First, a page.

So you want to market yourself as a brand, whether that’s on social media or as part of a portfolio.
Kal, what are you talking about? You ask. No, I’m not necessarily talking about designers, though these tips could certainly apply.
Even if you’re not a designer, you can be a brand. In addition to a mark or a logo or a company, by definition, a brand can be “a particular identity or image regarded as an asset.” Therefore, the image you present yourself as is your brand; your public persona is your brand. Think of Lovely Lor or Scarfingscarves—those people have created brands for themselves, and if they want to have consistency, the way they pose, the way they coord, and the clothes they wear all need to be consistent to create a brand.
If you’re going to treat yourself as a brand, you need to think about marketing. Choosing how you’re going to be viewed as a brand is a big decision. It will dictate what people think and assume about you and how they will interact with you. Posing is a part of this, as well as the type of photos you choose.
What are the things you want to embody as a brand? If you want to be goofy, pose accordingly; if your brand is serious, don’t post goofy photos all the time. These are things to consider when you’re planning your shoots or selfies, or really anything you post. Consistency is key.
Goofy or serious? Kind or arrogant? Mature or a jokester? Pick something that’s true to who you are, and then go from there. How do you want to be known? What image do you want people to think of when they hear your name or handle? Likely, your wardrobe theme and/or color scheme has already gone a long way in defining your persona.
Let’s use my Instagram profile as an example (not that it’s a particularly great one—just that I don’t have to get permission to use it). If you scroll through @kaldec_ you’ll see that my persona is a gothic-, Japanese- and punk-styled serious person (which just so happens to be pretty close to my actual personality, though I am a bit more goofy than I let on.) Almost my entire feed supports this persona, with the exception of a few goofy poses here and there. I professional photographer, and I want my photos to support that as well. I mixed personal phone photos with professional photos in and out of a studio, and I make sure that my editing is fairly consistent throughout my entire feed.
Keeping this in mind, come up with a plan that includes types of photos you will use and the kind of poses that will support your persona.
Let’s take Instagram as a good example. Your theme can go a long way towards establishing yourself as a brand. Do you want to be colorful or entirely black and white? Maybe somewhere in between? If you’re goofy, maybe choose the color—or maybe not! It’s up to you, as long as you’re consistent.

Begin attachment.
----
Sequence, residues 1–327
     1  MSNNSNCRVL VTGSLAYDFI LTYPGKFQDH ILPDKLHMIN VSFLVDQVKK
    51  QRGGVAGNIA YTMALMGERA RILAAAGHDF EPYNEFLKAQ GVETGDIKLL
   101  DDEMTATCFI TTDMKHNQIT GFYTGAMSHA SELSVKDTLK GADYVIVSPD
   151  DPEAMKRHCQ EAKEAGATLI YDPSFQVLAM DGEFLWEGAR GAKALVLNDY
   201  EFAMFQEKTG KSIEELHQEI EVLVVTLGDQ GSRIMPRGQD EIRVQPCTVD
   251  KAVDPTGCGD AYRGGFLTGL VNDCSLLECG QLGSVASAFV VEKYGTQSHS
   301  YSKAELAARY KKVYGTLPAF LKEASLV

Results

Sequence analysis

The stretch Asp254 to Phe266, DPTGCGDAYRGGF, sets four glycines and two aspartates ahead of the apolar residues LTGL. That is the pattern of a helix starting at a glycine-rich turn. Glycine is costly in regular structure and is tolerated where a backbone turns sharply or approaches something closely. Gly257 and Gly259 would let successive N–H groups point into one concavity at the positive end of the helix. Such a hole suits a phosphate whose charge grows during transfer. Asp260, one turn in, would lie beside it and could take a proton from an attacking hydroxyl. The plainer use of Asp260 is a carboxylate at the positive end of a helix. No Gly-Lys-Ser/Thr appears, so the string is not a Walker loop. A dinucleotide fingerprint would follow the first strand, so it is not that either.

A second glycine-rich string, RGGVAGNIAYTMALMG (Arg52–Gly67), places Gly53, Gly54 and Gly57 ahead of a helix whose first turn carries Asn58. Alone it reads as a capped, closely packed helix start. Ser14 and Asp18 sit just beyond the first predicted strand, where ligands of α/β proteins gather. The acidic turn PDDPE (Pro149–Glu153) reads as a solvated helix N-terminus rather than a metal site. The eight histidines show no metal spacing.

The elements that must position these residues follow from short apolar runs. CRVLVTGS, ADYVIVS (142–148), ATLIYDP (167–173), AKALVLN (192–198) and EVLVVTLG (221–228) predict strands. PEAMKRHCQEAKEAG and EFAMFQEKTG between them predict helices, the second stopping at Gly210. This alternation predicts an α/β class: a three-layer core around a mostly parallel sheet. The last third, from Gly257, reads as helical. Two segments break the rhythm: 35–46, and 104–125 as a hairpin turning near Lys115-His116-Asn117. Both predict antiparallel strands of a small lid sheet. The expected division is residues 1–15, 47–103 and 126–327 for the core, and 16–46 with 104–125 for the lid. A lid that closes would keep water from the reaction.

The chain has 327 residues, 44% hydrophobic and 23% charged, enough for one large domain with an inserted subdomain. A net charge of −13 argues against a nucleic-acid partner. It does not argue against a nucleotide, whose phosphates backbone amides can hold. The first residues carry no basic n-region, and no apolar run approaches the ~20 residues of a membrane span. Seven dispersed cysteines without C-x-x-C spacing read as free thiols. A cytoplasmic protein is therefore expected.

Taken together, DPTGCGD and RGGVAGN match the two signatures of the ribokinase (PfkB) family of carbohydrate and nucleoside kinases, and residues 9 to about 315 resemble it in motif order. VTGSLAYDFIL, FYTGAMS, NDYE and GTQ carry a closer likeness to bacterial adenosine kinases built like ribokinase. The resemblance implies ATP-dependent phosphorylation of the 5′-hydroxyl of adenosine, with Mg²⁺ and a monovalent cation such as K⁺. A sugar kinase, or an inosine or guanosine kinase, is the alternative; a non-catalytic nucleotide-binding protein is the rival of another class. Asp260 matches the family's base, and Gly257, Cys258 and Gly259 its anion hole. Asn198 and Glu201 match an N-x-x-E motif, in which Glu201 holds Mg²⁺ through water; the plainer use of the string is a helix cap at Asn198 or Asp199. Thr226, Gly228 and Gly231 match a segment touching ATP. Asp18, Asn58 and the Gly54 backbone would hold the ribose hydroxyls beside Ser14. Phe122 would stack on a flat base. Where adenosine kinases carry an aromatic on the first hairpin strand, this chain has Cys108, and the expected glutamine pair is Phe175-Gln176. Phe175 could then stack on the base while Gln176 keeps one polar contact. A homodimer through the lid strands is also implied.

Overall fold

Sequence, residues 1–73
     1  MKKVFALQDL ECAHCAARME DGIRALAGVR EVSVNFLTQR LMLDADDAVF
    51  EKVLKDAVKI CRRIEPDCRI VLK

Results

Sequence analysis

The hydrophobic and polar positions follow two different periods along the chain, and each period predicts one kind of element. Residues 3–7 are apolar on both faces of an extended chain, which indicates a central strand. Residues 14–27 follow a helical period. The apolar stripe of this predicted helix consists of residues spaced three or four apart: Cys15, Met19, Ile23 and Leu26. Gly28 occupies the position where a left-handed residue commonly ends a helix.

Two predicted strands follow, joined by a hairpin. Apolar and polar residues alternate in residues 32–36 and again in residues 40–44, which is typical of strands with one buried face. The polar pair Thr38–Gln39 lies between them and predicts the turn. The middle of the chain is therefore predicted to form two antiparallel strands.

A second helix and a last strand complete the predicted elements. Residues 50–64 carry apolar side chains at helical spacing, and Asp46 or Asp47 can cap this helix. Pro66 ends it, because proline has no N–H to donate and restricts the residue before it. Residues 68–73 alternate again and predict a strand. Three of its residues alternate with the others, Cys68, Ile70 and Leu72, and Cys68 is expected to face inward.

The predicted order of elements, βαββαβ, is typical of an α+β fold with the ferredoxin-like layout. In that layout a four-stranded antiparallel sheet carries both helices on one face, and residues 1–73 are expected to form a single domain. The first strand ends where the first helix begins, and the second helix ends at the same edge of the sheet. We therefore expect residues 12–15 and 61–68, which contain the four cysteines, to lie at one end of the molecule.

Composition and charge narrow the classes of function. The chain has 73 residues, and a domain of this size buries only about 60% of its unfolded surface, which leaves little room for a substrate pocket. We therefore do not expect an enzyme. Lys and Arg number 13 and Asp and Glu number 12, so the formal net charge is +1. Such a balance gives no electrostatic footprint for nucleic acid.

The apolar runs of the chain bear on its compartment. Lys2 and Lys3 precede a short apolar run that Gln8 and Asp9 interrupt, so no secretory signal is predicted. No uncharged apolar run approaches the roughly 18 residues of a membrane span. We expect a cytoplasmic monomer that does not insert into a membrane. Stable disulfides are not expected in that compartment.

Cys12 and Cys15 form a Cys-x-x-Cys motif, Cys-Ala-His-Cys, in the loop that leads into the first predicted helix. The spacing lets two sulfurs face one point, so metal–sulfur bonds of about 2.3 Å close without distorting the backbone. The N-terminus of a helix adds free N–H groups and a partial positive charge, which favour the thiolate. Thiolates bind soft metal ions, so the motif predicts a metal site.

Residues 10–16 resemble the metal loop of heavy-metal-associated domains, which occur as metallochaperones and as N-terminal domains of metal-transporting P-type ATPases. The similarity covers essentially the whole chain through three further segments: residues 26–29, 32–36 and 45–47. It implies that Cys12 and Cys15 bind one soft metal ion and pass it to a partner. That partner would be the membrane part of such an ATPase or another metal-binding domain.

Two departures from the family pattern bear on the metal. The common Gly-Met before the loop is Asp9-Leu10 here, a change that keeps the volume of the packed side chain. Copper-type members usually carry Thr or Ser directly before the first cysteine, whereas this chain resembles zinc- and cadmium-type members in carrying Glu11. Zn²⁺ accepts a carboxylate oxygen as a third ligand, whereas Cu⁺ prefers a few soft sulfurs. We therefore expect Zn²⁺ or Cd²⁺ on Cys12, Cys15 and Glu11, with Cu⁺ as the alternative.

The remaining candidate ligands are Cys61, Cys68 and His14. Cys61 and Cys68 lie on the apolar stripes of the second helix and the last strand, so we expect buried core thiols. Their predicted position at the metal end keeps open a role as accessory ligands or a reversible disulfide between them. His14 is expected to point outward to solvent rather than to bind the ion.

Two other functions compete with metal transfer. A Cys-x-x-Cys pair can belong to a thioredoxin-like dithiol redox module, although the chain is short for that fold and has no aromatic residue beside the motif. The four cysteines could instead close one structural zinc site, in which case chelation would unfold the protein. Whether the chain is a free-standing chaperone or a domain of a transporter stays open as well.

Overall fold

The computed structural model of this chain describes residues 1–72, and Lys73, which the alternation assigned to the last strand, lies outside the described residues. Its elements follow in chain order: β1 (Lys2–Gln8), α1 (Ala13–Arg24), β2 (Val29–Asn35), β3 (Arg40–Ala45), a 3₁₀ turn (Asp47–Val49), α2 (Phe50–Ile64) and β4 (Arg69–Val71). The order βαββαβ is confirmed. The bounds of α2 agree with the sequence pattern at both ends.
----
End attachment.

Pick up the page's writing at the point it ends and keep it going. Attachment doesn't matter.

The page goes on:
Here’s where posing comes in. Decide what kind of work you as a brand will do. Do you want to solely model in as many fashion shows as possible? Then most of your photos will probably be of yourself on stage, from other photographers. Keep in mind that the brands you model for, and the designers’ preferences, play a large role in this kind of persona. When on stage, make sure that your poses are something that you could use on social media, that is, poses that reflect the brand you’re trying to portray. I’ll go back to the goofy or serious example here. If you’re modeling a goofy coord for a fun designer that wants you to prance around the stage like a rock star, but you’re a serious person, that might be against your brand and you might have trouble making it fit into your persona—and you won’t be able to use it. However, if you model for a serious brand, you’ll most likely be scott-free (as long as you have the photographer’s permission).
That said, maybe “versatile posing” is part of your persona! If you’re, say, a professional model who uses your social media profiles to advertise your diverse portfolio (and why companies and brands should hire you) then this would be a good route to take.
If you decide to take all of your own photos wearing your own clothes, you have a lot more control over your image, surroundings, and poses. If this is the kind that you choose, use this freedom to your advantage and get creative. Because you don’t have to worry about being on stage or posing for a designer (and you’re, in theory, taking your own photos) you can make your poses a lot more dynamic. Even if you’re a serious personality, you can get out there and be creative with your poses! Take the Instagram account @byakuya_a for example. She posts mature men’s fashion and Japanese fashion, and has a serious persona with a twist: she poses dynamically with weapons.
No matter what your persona, each pose should help support your brand’s idea. In this way, poses are super important to how other people view you. No matter what type of images and persona you choose, take a look online to see what other people are doing, and then see if you can do something similar, then break from that in some way. Creativity is always a great part of your brand!
My entire Individual Posing Tips series is applicable to this type of modeling. Since the pose is about you and not another brand, take a look through this series starting with this post, and start from there.
I hope this post helped a bit. If you have any questions, suggestions for further posts, or concerns, please let me know via @lightningsavage_photography on Instagram or Facebook!
Kal from Lightningsavage Photography specializes in creative portrait photography for J-Fashion enthusiasts and more. He has served as the J-Fashion event photographer for Oni-Con 2016–2020, as well as fashion shows, meetups, and personal shoots. He is also a co-owner of Kuroshiro Kawaii. You can follow him on Instagram at @lightningsavage_photography and @kaldec_
He is currently into visual kei and EGA fashions.
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